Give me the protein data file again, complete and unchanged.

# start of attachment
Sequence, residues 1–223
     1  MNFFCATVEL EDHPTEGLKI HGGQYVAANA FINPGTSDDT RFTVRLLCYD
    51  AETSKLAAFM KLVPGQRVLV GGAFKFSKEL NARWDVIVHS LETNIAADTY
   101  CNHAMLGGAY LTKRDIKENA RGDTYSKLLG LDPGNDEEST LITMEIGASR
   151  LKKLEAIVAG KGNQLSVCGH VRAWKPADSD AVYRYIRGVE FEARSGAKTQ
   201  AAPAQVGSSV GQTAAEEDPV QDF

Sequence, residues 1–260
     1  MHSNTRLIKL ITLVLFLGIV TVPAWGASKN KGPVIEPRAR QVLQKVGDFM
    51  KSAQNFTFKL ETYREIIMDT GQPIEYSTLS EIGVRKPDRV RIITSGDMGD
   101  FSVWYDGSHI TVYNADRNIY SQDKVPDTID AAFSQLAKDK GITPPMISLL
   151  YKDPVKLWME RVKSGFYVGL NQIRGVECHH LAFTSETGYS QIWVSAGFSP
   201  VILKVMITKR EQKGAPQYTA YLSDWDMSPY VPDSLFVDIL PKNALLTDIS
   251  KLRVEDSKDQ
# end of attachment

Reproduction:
Sequence, residues 1–223
     1  MNFFCATVEL EDHPTEGLKI HGGQYVAANA FINPGTSDDT RFTVRLLCYD
    51  AETSKLAAFM KLVPGQRVLV GGAFKFSKEL NARWDVIVHS LETNIAADTY
   101  CNHAMLGGAY LTKRDIKENA RGDTYSKLLG LDPGNDEEST LITMEIGASR
   151  LKKLEAIVAG KGNQLSVCGH VRAWKPADSD AVYRYIRGVE FEARSGAKTQ
   201  AAPAQVGSSV GQTAAEEDPV QDF

Sequence, residues 1–260
     1  MHSNTRLIKL ITLVLFLGIV TVPAWGASKN KGPVIEPRAR QVLQKVGDFM
    51  KSAQNFTFKL ETYREIIMDT GQPIEYSTLS EIGVRKPDRV RIITSGDMGD
   101  FSVWYDGSHI TVYNADRNIY SQDKVPDTID AAFSQLAKDK GITPPMISLL
   151  YKDPVKLWME RVKSGFYVGL NQIRGVECHH LAFTSETGYS QIWVSAGFSP
   201  VILKVMITKR EQKGAPQYTA YLSDWDMSPY VPDSLFVDIL PKNALLTDIS
   251  KLRVEDSKDQ